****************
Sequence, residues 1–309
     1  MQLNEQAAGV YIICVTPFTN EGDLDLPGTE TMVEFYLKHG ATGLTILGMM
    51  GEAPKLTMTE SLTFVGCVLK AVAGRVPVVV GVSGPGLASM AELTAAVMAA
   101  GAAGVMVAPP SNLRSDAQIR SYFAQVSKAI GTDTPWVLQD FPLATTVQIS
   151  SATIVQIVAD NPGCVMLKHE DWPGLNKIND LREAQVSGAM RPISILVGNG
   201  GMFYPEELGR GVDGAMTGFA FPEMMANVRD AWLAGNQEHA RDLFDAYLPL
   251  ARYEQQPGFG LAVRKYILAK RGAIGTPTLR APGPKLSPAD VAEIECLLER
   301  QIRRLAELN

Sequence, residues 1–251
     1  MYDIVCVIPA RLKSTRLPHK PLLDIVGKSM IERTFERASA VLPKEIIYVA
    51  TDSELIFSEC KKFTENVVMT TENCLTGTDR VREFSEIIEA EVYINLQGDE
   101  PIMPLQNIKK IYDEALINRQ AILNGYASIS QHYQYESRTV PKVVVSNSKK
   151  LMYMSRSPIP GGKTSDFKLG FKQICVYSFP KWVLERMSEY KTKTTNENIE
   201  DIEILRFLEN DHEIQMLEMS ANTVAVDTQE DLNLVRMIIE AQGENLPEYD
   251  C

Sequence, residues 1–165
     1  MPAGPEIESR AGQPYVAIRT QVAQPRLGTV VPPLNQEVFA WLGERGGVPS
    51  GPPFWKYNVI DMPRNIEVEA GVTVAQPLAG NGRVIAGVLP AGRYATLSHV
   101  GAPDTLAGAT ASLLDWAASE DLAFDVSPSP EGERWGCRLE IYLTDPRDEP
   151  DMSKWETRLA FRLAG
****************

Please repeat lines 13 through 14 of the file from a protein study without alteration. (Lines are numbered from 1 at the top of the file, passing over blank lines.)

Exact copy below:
   151  LMYMSRSPIP GGKTSDFKLG FKQICVYSFP KWVLERMSEY KTKTTNENIE
   201  DIEILRFLEN DHEIQMLEMS ANTVAVDTQE DLNLVRMIIE AQGENLPEYD